General Economic Background- Measured by purchasing power parity basis, Japan stood as the fourth-largest economy in the world following the EU, the U.S., and China in 2012. A sharp downturn in business investment and global demand for Japan's exports beginning in late 2008 pushed Japan further into recession. Government stimulus spending helped the economy recover in late 2009 and 2010, but the economy contracted again in 2011 as the massive 9.0 magnitude earthquake in March disrupted manufacturing. Estimates of the direct costs of the damage - rebuilding homes, factories, and infrastructure - range from $235 billion to $310 billion, and GDP declined 0.4% again in 2012. Debate continues on restructuring the economy and reining in Japan's huge government debt, which is approaching 240% of GDP. Persistent deflation, reliance on exports to drive growth, and an aging and shrinking population are other major long-term challenges for the economy.

Wood Products Trade Data - Japan’s wooden housing sector remains the second largest in the world, following the United States.  This fact is particularly significant since the population of Japan is about 127 million; equal to about 42 percent the population of the U.S.  As a result, Japan continues to be a major consumer of wood construction materials and furniture.  The residential housing sector accounts for an estimated 85% of the wood use in Japan, and this percentage approaches 90% if wood used in all forms of construction is included.  This critical construction market segment therefore dominates the wood products trade performance. Housing starts increased by 5.8% in 2012.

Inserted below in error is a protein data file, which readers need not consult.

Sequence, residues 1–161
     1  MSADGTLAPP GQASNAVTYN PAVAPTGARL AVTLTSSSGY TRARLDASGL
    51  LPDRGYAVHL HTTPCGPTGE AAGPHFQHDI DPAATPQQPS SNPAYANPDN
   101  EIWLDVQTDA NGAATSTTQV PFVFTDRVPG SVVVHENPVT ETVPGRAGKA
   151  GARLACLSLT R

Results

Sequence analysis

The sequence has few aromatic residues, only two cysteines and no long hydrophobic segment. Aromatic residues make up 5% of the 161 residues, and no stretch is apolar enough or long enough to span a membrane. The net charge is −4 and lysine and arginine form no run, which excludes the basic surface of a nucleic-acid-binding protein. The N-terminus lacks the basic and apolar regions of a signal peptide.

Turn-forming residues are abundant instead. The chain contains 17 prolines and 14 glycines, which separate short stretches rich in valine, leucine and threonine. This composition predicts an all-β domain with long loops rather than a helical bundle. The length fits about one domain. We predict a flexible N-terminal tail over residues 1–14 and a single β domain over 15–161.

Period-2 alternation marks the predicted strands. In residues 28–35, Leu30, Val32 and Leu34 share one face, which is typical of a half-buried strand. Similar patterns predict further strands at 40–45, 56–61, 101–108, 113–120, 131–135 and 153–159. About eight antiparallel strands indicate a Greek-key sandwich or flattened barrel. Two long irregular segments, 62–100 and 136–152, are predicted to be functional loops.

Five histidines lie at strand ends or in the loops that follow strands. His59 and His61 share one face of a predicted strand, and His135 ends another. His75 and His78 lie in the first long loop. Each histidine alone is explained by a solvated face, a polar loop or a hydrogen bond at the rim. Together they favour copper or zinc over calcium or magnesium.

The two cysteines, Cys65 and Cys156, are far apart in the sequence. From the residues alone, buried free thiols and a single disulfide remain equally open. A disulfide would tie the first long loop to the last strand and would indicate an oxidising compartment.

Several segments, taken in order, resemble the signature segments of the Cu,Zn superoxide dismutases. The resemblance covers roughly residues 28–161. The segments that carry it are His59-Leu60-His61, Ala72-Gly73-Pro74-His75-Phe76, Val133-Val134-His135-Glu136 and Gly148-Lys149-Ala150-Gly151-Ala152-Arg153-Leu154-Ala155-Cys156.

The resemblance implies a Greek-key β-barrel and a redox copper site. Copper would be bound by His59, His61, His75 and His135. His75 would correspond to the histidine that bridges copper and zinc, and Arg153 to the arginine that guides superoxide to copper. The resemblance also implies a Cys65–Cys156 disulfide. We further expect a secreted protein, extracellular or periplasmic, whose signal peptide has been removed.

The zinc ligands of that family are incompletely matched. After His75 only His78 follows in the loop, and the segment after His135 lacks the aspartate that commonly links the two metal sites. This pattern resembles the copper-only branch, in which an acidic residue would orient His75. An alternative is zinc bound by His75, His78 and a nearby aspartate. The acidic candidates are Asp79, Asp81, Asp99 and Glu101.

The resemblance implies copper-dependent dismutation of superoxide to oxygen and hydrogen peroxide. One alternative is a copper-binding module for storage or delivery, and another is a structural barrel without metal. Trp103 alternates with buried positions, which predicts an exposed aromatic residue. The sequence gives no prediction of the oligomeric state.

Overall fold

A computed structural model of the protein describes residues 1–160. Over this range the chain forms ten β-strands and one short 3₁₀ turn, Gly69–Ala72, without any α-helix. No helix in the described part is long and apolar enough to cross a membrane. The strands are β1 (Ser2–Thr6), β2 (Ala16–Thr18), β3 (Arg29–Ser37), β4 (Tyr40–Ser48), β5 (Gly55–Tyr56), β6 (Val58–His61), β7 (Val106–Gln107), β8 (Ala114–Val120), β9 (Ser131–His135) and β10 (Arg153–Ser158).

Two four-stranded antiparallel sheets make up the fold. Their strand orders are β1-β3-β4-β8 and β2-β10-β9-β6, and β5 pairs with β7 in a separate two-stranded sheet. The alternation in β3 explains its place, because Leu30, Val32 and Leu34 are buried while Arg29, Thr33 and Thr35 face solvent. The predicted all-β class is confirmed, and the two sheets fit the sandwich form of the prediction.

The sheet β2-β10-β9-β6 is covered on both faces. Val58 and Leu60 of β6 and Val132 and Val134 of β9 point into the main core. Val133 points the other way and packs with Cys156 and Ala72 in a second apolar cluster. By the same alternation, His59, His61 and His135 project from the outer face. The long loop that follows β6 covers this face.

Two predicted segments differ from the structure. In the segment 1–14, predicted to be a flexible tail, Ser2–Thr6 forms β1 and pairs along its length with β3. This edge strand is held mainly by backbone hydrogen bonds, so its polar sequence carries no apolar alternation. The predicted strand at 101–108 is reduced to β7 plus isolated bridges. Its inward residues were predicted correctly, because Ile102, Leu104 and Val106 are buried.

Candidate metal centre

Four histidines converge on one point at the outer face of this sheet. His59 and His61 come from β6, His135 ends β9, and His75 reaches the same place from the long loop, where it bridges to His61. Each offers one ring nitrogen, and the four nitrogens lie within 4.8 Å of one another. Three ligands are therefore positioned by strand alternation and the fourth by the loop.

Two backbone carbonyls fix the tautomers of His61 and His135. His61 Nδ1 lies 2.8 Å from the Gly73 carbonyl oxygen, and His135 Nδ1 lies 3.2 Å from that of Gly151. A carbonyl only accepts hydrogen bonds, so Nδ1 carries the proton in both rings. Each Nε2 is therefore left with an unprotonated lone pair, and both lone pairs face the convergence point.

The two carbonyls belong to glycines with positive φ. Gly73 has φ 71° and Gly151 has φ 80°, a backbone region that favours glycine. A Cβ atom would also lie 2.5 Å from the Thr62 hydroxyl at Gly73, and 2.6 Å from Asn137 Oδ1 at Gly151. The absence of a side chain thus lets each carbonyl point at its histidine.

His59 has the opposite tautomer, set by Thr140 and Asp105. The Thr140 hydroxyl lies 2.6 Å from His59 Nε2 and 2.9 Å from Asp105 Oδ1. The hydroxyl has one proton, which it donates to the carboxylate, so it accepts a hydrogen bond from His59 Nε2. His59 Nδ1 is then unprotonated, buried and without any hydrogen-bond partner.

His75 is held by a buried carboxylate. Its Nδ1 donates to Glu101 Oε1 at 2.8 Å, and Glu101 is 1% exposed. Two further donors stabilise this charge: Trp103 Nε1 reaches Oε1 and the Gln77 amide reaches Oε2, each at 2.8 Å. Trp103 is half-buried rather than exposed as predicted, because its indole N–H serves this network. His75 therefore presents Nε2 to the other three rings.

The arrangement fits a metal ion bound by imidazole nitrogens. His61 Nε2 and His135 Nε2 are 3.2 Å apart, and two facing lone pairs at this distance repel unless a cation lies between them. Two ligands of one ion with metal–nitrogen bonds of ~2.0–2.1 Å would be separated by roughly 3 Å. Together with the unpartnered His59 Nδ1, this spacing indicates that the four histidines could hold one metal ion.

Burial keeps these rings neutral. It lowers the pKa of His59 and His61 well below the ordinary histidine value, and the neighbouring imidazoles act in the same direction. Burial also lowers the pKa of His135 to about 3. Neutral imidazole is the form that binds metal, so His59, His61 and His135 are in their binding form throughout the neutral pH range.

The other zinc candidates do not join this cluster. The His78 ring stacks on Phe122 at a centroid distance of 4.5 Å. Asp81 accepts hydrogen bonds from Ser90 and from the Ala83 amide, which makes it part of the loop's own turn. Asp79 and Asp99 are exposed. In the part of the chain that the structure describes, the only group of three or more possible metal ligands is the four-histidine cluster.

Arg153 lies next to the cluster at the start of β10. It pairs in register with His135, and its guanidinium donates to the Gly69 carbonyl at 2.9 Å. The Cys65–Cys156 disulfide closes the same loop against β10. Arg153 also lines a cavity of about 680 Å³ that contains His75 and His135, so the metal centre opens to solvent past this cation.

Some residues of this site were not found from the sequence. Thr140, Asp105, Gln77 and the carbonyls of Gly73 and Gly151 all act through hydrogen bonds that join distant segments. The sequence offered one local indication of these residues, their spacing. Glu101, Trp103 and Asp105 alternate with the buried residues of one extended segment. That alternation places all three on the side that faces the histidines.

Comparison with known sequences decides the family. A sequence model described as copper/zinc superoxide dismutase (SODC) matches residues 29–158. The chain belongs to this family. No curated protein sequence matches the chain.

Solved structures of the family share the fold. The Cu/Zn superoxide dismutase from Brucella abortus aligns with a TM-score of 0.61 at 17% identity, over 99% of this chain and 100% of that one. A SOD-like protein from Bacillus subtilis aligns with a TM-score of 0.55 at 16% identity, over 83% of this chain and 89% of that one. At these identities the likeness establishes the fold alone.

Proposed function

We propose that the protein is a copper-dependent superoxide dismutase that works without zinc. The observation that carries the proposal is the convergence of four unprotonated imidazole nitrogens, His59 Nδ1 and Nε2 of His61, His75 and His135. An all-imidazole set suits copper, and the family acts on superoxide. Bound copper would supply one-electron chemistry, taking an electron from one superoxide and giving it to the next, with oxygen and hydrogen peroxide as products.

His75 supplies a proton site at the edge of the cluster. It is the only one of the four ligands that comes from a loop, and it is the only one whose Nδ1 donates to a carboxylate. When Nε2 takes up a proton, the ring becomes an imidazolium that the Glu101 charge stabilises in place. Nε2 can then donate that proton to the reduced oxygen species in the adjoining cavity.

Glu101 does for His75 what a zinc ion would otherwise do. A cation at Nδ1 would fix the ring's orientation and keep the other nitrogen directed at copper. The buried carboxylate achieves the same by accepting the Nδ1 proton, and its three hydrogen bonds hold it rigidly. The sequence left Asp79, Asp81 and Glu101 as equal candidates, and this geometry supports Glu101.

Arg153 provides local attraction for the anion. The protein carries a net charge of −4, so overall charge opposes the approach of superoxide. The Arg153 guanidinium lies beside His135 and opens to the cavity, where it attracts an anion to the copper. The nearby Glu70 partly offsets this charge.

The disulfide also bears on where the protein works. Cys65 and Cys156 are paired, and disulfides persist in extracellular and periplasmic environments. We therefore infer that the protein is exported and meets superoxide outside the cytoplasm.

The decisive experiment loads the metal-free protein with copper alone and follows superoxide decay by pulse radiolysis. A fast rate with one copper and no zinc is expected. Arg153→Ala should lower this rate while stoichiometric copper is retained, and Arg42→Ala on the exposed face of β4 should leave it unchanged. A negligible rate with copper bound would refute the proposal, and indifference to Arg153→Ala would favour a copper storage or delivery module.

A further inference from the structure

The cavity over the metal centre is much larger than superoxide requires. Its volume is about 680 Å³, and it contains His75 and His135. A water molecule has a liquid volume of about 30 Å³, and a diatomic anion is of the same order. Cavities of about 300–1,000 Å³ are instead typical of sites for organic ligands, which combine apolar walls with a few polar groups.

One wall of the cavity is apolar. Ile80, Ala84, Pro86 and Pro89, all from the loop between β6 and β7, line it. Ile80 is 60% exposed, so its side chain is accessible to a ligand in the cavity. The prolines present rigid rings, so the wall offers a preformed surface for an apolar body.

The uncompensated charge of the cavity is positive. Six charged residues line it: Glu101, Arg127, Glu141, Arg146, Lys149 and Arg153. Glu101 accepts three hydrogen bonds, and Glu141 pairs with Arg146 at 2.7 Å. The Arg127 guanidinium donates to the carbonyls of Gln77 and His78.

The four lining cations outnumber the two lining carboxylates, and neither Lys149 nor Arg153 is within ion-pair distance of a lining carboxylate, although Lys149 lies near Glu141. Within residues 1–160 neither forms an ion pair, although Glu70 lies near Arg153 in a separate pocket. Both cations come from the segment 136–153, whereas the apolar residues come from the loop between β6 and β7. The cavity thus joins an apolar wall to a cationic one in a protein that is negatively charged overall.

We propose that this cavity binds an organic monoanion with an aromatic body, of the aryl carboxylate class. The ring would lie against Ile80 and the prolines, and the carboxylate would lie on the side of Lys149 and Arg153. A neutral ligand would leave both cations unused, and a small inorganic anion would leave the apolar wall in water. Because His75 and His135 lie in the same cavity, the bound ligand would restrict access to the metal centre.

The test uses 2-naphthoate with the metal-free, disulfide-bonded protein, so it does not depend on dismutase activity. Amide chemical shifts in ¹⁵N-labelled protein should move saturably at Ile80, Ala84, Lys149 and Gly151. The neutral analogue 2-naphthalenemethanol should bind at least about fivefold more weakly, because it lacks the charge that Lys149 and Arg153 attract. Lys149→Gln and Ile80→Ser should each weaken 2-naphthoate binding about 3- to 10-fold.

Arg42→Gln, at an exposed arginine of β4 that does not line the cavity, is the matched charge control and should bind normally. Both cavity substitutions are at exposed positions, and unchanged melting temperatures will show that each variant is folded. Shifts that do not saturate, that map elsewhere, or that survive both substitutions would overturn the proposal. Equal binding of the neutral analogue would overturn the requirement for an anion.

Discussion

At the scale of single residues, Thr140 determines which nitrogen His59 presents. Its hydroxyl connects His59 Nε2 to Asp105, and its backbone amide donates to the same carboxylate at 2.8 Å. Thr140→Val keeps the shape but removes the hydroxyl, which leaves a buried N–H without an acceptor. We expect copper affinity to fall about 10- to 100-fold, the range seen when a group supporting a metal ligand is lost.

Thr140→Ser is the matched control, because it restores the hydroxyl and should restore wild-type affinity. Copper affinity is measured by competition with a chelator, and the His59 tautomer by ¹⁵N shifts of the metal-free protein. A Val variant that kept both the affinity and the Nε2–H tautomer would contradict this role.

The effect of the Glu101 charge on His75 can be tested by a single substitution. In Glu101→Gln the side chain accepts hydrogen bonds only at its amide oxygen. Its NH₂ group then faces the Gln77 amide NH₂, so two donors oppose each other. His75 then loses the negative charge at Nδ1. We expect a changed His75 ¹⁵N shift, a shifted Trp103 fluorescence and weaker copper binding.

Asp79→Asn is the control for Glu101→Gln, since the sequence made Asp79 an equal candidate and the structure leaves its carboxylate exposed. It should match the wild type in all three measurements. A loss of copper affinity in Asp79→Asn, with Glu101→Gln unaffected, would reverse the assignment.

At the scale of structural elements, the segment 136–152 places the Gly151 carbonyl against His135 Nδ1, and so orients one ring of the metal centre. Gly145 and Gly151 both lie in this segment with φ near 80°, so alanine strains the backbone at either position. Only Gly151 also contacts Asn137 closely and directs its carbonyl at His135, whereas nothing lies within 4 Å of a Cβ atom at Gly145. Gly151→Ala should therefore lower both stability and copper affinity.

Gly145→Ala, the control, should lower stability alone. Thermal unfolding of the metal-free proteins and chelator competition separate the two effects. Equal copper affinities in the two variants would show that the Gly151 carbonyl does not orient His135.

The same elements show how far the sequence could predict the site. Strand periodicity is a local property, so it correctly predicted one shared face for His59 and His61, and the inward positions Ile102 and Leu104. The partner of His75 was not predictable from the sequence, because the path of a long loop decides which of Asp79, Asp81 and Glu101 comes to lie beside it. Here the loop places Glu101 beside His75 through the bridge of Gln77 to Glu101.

SWOT Analysis

Strengths: The US has been a softwood supplier to Japan for years. Relationships have been built and solidified. The  proximity of US west coast producers to Japan is good. US products have the reputation in Japan of being high quality and consistent with a sustainable supply. More and more Japanese buyers are demanding US species like Douglas fir.

Weaknesses: The Japanese market requires specific sizes of lumber, and some mills aren't able to cut to those measurements. As the housing sector is on the rise in the US, sawmills are refocusing their efforts domestically.

Opportunities: Diverse and high-value market niches such as Do-It-Yourself, Post and Beam traditional style houses, remodeling and renovation are all an opportunity for American softwood lumber. There has been a decreased interest in Canadian SPF because of blue stain from Japanese end users and importers.

Threats: As with all markets, Japan is price sensitive. Less expensive wood from other countries (Russia, Europe Canada, New Zealand) continues to be a threat to American softwood lumber. Other countries have put exporting as a top priority, which make them a competator to the US, who too many times has viewed the export market as a 'bonus.' US softwood logs are exported to Japan, and they are remanufactured in Japan. This practice is a threat to the US softwood lumber exporters.


SEC maintains an office in Japan (http://www.americansoftwoods.jp/) to assist members in their export efforts.